Sep 222014

image fish tomato cilantro

“May it be God’s will that we be like the head, and not like the tail!” And so saying, we unveil the cooked head of a fish at the holiday table. It’s one of the Rosh HaShanah simanim, traditional foods whose names play on words representing new year blessings. (For more detail on simanim, and some recipes, read this post.) The fish head has to be veiled with a napkin because it makes The Little One turn green. So we snatch the napkin off, ask for the blessing quickly, and then take the fish head away. Anything for the teenager.

Luckily, she doesn’t have a problem eating fish.

I like to serve this festive recipe on Rosh HaShanah. The fish is first fried, then gently baked in a sauce rich with tomatoes, cilantro and pine nuts. The sauce reduces until thick, and it’s so good, so herby and pungent, you want to lick the plate. The recipe is adapted from Claudia Roden’s Book Of Middle Eastern Food. You just can’t go wrong with Ms. Roden for inspiration.

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Sep 152014

image kosher roast beef

When I cook beef, I want it very tender indeed, and very savory.

I like it slow-cooked, so a knife cuts through richly and smoothly. Thinking of something festive for Rosh HaShanah, something different from the usual chicken and turkey, my mother’s pot roasts came to mind. Abita cooked pot roast in traditional American style:  the beef, in a little broth, with onions, carrots, and a couple of bay leaves. But I’ve lived in Israel so long, I can’t keep Mediterranean herbs out of my pots, and beef always seems to call for wine.

The beef I bought is called fileh medumeh in Hebrew. My son, Eliezer, assures me that the cut was London tip.

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May 302014


tian zucchini potatoes recipe

Many readers have complained that I’ve been neglecting this blog. I can’t defend myself, because it’s true.

I’ve been thinking, and I hope, growing in different directions.  I’ve been writing for other publications. These writings, not all of them food-related, leave my mind sort of empty after hours of research, writing and revising. Not much brain power is left for my personal reflections. Cooking and even eating, have been hasty, seat-of-my-pants operations for the past long while.

But food and the urge to cook are still on my mind. They always will be. So I’m returning, maybe a little changed, a little freer. And Reader, I’m always aware that you’re there, and that some are wishing I were back here already. This summer it’ll be nine years since I opened a blog, named it Israeli Kitchen, and started to post. I write this with a feeling of returning home, somehow, like a child who left her parents’ home to travel and returns different, but still loving.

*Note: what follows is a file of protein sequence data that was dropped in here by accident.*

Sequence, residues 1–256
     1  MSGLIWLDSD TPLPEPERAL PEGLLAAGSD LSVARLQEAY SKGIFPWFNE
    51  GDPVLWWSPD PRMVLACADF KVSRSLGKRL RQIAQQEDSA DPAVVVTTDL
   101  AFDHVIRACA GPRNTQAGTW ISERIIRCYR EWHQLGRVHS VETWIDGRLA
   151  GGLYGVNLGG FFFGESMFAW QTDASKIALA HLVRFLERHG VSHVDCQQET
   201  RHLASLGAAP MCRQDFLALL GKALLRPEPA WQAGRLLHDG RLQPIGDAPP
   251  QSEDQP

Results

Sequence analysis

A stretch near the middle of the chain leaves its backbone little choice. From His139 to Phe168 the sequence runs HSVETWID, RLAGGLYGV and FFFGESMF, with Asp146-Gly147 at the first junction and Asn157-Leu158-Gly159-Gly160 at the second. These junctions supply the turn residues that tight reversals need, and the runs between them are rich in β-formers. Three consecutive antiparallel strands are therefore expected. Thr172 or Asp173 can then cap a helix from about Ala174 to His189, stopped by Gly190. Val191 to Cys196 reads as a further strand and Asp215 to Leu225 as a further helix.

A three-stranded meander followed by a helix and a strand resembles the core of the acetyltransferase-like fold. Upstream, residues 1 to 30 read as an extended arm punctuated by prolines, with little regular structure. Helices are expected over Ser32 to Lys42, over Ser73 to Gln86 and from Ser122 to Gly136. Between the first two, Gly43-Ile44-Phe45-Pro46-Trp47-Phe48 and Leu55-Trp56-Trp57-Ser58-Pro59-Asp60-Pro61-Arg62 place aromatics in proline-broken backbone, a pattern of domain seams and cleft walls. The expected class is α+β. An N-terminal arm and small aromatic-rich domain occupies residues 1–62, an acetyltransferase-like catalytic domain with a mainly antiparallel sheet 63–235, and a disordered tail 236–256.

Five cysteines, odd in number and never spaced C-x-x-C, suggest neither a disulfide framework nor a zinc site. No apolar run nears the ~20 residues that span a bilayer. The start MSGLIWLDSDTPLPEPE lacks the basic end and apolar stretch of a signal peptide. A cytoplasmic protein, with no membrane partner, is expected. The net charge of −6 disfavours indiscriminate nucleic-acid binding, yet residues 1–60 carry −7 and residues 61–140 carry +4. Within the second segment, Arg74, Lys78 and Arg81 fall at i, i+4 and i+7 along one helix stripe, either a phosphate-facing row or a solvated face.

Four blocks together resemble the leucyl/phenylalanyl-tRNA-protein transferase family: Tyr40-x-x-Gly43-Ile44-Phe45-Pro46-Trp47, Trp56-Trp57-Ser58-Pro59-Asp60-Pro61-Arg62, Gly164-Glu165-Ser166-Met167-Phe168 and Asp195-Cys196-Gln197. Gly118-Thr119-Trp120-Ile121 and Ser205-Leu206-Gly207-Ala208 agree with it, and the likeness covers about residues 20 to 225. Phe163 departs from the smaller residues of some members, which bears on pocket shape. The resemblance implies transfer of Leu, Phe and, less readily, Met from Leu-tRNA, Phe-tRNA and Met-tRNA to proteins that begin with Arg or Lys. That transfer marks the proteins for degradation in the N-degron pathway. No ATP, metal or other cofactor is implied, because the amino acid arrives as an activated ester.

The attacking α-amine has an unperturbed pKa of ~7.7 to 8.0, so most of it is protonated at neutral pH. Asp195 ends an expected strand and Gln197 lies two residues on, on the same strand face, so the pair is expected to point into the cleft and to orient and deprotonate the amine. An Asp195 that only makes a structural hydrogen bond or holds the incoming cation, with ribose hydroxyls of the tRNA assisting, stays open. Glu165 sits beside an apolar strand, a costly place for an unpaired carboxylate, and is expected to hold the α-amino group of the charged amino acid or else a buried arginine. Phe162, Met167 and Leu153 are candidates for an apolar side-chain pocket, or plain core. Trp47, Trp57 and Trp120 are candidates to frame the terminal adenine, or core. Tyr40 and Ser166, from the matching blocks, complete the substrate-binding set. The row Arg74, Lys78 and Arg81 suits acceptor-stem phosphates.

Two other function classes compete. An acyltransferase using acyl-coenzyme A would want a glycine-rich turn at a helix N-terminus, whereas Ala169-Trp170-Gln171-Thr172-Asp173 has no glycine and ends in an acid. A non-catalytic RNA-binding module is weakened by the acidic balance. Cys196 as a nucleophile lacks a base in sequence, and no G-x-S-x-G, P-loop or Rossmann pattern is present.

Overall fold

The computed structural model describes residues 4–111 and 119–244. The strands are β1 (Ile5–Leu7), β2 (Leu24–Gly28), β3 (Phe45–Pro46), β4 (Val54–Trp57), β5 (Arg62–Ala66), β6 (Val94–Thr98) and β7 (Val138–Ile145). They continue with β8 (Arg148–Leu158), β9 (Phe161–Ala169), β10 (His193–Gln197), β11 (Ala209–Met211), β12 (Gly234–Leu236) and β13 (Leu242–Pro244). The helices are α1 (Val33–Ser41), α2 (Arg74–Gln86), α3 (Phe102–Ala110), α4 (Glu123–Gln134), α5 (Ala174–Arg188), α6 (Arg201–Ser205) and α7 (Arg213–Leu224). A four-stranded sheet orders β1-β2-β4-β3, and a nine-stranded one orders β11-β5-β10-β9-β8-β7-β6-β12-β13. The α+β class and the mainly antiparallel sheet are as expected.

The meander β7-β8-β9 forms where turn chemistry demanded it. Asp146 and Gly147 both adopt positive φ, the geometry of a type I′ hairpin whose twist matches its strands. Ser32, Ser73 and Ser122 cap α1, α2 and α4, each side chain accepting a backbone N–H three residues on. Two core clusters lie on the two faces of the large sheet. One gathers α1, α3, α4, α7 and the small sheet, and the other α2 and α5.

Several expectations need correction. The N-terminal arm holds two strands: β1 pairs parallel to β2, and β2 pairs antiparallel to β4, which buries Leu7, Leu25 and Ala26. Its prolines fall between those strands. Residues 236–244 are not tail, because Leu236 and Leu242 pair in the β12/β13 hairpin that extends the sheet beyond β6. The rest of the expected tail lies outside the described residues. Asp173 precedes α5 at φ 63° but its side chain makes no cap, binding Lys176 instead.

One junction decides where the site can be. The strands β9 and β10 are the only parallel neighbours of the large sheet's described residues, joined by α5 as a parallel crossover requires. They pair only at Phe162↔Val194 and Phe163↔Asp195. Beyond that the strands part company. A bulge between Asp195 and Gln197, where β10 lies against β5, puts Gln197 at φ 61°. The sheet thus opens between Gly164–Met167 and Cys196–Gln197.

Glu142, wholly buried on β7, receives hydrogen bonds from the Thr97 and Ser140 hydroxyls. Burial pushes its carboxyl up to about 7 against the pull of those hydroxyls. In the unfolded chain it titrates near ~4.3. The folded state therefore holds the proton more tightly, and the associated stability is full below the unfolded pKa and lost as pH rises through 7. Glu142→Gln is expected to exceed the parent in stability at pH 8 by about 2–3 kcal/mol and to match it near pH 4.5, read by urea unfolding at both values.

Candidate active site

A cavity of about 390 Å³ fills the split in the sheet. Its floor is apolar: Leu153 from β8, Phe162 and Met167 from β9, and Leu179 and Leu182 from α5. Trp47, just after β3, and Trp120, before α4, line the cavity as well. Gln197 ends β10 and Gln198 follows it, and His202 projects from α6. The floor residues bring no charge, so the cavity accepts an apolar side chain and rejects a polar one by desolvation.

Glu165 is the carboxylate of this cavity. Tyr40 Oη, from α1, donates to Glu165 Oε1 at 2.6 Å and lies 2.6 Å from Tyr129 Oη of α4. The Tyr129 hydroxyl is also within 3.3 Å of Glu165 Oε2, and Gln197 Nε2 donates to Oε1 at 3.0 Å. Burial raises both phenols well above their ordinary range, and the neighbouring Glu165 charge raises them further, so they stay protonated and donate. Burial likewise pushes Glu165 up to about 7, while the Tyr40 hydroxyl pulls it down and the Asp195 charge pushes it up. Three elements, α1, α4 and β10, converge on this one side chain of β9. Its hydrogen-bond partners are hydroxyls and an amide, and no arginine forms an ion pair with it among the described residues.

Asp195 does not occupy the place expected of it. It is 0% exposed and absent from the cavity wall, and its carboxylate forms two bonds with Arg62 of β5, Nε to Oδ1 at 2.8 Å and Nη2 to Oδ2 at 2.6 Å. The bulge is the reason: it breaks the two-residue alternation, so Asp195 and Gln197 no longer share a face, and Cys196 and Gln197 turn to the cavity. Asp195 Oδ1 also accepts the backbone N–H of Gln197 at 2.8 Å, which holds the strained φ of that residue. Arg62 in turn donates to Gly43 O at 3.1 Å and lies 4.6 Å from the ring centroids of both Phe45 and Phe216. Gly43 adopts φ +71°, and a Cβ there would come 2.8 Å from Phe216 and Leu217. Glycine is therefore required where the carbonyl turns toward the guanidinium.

So here’s a French variation of Italian frittata and Persian eggah, the tian. You can also call it a gratin.  The recipe is from one of my favorite cookbook authors, Elizabeth David, and I found it in her “Is There A Nutmeg In The House?” It’s a simple combination of eggs and vegetables, often flavored with cheese or garlic, then baked. You can substitute chard or spinach for the zukes, use the same measure of cooked rice instead of potatoes. Season as you like. It’s a rustic dish that you can adapt to the ingredients you have on hand. I like to serve this tian as the main dish at dinner, adding a leafy salad and a small cheese platter to round out the meal.

And if you’re looking for something interesting for Shavuot, something that emphasizes vegetables rather than cheese, tian is the ticket.

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Mar 092014

image onion roll

This is on of the goodies we’re going to pack into our Mishlochei Manot (Purim packages).  I recycle the junky snacks we receive into other packages, feeling a bit guilty. Not guilty because we’re not going to eat what our friends and neighbor planned, and spent money on, and took the trouble to deliver. No, guilty because all those little candies and snacks are going to contribute to Israel’s massive post-Purim sucrose hangover. I should just throw it all out. But I rationalize that someone should enjoy the junk…because in the end, our friends and neighbors did go to the trouble.

I love best the Mishlochei Manot that feature a few home-cooked things. Foods that were made by hand – cakes and cookies and specialties of the donors – I keep. Some go into the freezer right away to stay fresh for next Shabbat. Some we serve at our Purim feast. For our own Mishloche Manot, we’re thinking – and by we, I mean my son Eliezer, the Little One and I – of Hamentaschen,  filled with cherry jam.  And  small potato kugels.  Probably the chocolate fruit/nut clusters, because they’re excellent, and easy to make. And instead of the usual small challah, which looks good in the package but which I suspect never gets eaten, onion rolls.

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Aug 212013

image sinyeh druze kebabs

The Middle-Eastern way in cooking is to use simple, natural ingredients grown (or raised) close to where the cook lives. And in the village communities of the Galilee, traditional recipes – the ones passed down intact from mother to daughter, from one neighbor to another, over centuries – are cooked the same way each time.